Here's a roundup of some stuff about the Lakers, Lamar Odom, and so forth.
Mark Heisler says that Lamar Odom is a candidate to be traded. Heisler makes the point that everyone, myself included, has been making: Lamar is probably miscast as a small forward, in no small part because of his shaky outside shooting. He mentions the new-to-me bit that Odom was actually part of the Gasol trade until the Grizzlies' owner asked that he be taken out in favor of players that would give more (and quicker) cap relief (i.e. Kwame Brown). Heisler then simply states as a given that the Lakers will "surely shop him this off-season." Unfortunately, he mentions no potential trade partners, no small forwards that might come back in the deal, and so on.
In the same story, Heisler refers to Kobe Bryant as "the best there ever was at creating a shot," which, come to think of it, sounds about right. I wasn't privy to the fantastic Jordan years, since I was too young, but I've seen things on tape, and he didn't do the things that Kobe does with regularity. Kobe's up-fakes and step-throughs and slithery drives and over-the-head layups to avoid shot-blockers, and sideways jumpers falling out of bounds are, if not things that no one else does, at least things that no one else does with the regularity and the success that Kobe does them. Instead of tearing Bryant down as "not Jordan" or whatever else you want to say, we really should be appreciating the most beautiful individual basketball player many of us are likely to ever see. I've said it before: if LeBron James-type ball is the future of the league, then count me out. There's no artistry, no jazz in his game. Kobe is Charlie Parker, LeBron is a small-town basement-show-playing hardcore band. That band may be brilliant in its own way, but subtle and a beautiful sight to behold it is not.
I won't link to each and every one, but the L.A. Times Lakers Blog has links to audio taken from the press conferences given after (or, in Jordan Farmar's case, before) their exit interviews.
The same blog also reported that Trevor Ariza will be back in a Laker uniform next year, as he exercised his player option.
Forum Blue and Gold has an excellent breakdown of the Laker roster, including their salary situation for next year. It mentions something I didn't realize, which is that Chris Mihm has a player option for next year. Given that he hardly played, and that the option is for $2.7M, he's certain to exercise it. I had, in my previous post, marked him as a guy that wouldn't be on the team, but that's clearly not that case. That clouds the picture a little bit regarding a potential multi-player Lamar Odom trade, but not too much to really be a concern.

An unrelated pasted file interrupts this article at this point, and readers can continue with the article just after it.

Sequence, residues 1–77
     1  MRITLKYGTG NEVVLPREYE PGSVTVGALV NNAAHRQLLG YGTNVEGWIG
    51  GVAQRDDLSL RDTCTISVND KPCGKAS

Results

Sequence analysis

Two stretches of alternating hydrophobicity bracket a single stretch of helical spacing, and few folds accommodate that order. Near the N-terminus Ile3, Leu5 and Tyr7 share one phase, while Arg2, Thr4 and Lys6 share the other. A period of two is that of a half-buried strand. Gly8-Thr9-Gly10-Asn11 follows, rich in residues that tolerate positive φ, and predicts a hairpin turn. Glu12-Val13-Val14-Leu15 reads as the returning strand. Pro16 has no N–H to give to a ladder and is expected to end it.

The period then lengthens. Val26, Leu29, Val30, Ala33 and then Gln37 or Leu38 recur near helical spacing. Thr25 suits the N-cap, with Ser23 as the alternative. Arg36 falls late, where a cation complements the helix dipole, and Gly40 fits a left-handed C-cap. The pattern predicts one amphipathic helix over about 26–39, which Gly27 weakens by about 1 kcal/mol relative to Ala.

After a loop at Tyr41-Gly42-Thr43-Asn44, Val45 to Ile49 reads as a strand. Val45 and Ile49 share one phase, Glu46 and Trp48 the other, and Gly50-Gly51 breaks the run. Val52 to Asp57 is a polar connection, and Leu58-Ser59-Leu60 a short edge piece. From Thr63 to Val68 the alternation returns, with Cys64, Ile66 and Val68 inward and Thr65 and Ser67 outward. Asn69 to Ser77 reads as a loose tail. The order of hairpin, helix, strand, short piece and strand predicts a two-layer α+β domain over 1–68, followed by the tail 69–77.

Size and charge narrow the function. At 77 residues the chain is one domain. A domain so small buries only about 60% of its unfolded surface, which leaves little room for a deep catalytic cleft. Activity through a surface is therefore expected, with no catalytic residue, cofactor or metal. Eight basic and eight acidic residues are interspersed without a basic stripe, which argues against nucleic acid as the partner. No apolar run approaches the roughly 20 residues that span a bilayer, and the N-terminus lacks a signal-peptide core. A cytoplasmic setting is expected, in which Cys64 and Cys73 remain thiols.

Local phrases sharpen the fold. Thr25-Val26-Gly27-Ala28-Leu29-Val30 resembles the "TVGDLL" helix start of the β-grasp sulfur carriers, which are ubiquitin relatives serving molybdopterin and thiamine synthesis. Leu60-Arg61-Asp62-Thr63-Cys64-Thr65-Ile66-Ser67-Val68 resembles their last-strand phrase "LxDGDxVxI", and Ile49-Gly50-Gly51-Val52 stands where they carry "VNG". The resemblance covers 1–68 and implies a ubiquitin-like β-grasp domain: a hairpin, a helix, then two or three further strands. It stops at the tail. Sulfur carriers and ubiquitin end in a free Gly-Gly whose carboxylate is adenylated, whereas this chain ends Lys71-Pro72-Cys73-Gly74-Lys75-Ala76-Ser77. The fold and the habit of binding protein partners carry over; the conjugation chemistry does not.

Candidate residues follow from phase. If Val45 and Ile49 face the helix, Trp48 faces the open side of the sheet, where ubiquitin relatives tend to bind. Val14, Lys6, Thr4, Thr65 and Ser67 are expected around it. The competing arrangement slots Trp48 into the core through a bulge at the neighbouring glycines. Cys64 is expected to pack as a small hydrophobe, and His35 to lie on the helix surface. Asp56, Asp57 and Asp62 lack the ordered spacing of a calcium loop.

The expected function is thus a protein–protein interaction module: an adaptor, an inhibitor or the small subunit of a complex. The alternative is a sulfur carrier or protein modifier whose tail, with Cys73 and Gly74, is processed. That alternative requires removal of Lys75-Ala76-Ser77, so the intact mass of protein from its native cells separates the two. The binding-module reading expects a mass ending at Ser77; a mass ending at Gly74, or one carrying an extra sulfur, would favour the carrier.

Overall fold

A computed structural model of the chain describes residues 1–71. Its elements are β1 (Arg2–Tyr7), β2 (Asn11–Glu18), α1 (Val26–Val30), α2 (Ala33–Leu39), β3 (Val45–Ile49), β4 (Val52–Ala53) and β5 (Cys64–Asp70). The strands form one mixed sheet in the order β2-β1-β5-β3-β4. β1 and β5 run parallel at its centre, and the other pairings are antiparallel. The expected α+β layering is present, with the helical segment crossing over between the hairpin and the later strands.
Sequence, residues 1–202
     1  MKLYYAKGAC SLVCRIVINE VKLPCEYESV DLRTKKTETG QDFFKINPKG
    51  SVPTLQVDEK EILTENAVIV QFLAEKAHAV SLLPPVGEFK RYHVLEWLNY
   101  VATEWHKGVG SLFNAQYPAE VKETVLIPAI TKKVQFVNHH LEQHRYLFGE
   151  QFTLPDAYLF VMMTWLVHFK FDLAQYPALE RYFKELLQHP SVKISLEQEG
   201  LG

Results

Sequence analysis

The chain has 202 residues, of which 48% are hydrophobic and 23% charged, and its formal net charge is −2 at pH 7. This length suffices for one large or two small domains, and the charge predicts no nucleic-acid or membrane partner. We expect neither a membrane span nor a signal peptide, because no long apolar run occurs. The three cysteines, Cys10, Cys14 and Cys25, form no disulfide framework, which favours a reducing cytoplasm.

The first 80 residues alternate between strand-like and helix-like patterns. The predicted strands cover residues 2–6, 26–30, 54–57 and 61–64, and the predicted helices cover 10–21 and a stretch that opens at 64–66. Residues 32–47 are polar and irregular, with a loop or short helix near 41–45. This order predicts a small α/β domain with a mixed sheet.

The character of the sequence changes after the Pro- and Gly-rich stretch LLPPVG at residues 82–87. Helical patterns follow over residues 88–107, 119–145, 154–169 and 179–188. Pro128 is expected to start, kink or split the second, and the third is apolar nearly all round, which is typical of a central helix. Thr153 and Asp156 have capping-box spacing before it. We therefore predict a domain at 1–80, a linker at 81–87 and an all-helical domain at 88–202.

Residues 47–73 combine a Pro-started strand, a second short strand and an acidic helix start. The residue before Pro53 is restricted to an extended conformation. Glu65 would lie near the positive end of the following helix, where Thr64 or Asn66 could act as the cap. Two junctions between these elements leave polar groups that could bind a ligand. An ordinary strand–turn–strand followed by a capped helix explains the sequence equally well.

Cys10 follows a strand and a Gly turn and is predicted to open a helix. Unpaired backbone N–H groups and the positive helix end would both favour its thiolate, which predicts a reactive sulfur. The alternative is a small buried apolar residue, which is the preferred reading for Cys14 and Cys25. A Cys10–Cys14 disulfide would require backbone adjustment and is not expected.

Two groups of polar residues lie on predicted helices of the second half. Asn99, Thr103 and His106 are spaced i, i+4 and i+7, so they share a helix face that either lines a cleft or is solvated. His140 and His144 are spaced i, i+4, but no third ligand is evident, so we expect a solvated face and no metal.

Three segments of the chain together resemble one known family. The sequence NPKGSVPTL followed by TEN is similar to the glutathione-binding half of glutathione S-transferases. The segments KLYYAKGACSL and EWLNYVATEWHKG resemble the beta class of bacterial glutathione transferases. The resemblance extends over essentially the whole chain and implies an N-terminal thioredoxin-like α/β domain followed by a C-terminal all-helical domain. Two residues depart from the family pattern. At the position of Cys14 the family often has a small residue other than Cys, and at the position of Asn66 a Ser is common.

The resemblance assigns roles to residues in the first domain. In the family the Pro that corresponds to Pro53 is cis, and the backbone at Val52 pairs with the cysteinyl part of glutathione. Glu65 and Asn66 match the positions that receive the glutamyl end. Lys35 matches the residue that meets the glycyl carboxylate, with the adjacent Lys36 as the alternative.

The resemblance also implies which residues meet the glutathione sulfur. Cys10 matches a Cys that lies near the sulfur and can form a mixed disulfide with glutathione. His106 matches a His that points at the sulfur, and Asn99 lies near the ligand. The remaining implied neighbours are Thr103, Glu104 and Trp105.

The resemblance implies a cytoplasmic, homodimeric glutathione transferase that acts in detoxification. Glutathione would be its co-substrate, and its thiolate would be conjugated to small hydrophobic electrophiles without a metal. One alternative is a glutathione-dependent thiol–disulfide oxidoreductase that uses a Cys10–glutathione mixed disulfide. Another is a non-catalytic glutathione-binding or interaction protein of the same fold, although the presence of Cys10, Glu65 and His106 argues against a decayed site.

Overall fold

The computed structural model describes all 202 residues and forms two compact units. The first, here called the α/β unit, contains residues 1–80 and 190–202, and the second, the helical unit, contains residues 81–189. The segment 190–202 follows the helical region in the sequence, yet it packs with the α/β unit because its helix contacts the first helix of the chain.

That post also contains some particularly good tidbits breaking down Odom's game as a small forward, including a quote from David Thorpe, one of ESPN's best analysts (a guy who can actually talk about what's going on on the floor).
The Press-Enterprise says that Sasha Vujacic may want the full $5.8M mid-level exception, which strikes me both as too much money and also something the Lakers would have to pay. Who's out there who can bring what Vujacic brings off the bench for this team?
NJ.com writes about a potential Richard Jefferson-for-Lamar Odom swap, which strikes me as a little bit hopeful from their perspective. Here's hoping Mitch Kupchak finds something better if he insists on dealing Odom.
The Orange County Register's Lakers Blog has a story that reminds me why I like Lamar Odom so much: "Odom was in one of the more down-in-the-dumps moods I've ever seen him. He said the first thing that happened in his exit meeting with Mitch Kupchak and Phil Jackson was Kupchak apologizing for a local newspaper column suggesting Odom will be shopped by the Lakers this summer." This is a guy who works and works throughout the game and the season and just gets ragged on mercilessly by the fans. He clearly wants to win, and he seems to like the situation he's in with the Lakers, as a strong supporting member of an excellent team: that he's down about potentially being traded is a good thing in my mind. Unfortunately, wanting to be here and actually fitting in with what the Lakers want to do are two different things.
That same story also has a bit about how Richard Jefferson is a strong defender against Paul Pierce, which could help the Lakers in a potential rematch. If Mitch Kupchak or Phil Jackson give even one second to thinking about whether their third-best player, a guy they are considering trading Lamar Odom for, matches up with Paul Pierce, a player the Lakers are guaranteed to see exactly twice next year, they ought to be fired for gross negligence. You don't build your team with an eye toward a Finals appearance that may never happen for the Lakers (especially if you think Odom-for-Jefferson actually weakens the team overall) and is probably even less likely to happen for the Celtics.
Beaneball by Jason Wojciechowski is licensed under a Creative Commons Attribution-ShareAlike 3.0 Unported License.